If you are currently being held in a police station, contact us Ashmans Solicitors. We offer free police station representation. We are available to take your call 24 hours a day, 7 days a week. Do not say anything until you have spoken to us.
Next, you will either be released and told to attend a Magistrates’ Court on a certain date. This is known as a court summons. Or, you will be held in custody until you are taken to court. The magistrates will hear your case and consider what penalty to impose. It is not recommended that you represent yourself. You face a possible prison sentence, so it is vital that a solicitor pleads for leniency on your behalf. Our motor offence solicitors can defend you, working to minimise the consequences.
Will I definitely go to prison?
The maximum penalty for driving while disqualified is six months in prison. However, the court will not necessarily impose the maximum sentence available – it is simply an option open to them. Having said that, the courts do treat driving while disqualified very seriously and wish to deter others from breaking the law. Custodial sentences do happen, particularly for repeat offenders.
It can be very hard to provide a complete defence to driving while disqualified, as it is likely that you knew what you were doing. Even so, it may be that you were not on public property, meaning that the charge cannot be upheld. Or there may be a special reason for your actions. For example, you might have been fleeing from danger or responding to a medical emergency. If so, you may have had no option but to drive, despite your driving ban. There may also be other defences available. We will explore the best approach in your case, persuading the court that a custodial sentence is not appropriate in the circumstances.
If you are convicted of driving while disqualified, the minimum penalty you can expect is six penalty points and a fine.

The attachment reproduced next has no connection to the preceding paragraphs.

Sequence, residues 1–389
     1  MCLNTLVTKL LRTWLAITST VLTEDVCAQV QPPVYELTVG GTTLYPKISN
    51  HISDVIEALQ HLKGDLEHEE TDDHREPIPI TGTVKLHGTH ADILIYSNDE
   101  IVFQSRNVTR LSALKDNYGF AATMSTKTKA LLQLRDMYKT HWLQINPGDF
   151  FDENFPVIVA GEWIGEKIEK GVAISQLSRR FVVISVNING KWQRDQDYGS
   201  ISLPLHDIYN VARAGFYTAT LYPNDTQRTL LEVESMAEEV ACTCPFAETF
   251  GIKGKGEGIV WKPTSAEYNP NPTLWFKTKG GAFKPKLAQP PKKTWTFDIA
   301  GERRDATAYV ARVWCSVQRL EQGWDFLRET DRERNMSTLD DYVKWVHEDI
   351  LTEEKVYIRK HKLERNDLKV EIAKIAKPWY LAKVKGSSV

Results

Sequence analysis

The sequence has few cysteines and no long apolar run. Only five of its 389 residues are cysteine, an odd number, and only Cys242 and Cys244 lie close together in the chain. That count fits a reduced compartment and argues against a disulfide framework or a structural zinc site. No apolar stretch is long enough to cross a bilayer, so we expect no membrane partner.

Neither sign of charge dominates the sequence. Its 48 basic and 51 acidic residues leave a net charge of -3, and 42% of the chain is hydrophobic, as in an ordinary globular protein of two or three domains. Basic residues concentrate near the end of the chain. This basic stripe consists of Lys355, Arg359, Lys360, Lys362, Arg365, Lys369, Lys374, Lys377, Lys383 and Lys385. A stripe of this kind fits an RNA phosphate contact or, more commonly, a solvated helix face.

Where can I find a solicitor?
There may be very little time in between your arrest and your court appearance. Because of this, you might only have a short window of opportunity in which to secure legal representation. It is therefore essential to act sooner, rather than later. You do not want to appear in front of the court without a solicitor by your side. Ideally, you will contact a solicitor as soon as you are arrested. The police will take away your mobile phone, but you are allowed a phone call at the police station. You are also entitled to free legal advice. If you say that you want to talk to a solicitor, then the police cannot interview you until this has happened.
It can be hard to know who to call, but take note: we defend clients accused of motoring offences, such as driving while disqualified. We have a specialist team of motor offence solicitors and we represent clients across England and Wales. If you have been charged with a motoring offence, we can help you. We will recommend the best approach in your particular case, applying our legal expertise to secure a not guilty verdict, or a reduced sentence if a conviction is inevitable. In particular, we will take pains to argue for leniency, persuading the court to consider alternatives to a custodial sentence.
Contact us now for a free initial enquiry. You can call us on 0333 009 6275. We are available 24 hours a day, 7 days a week.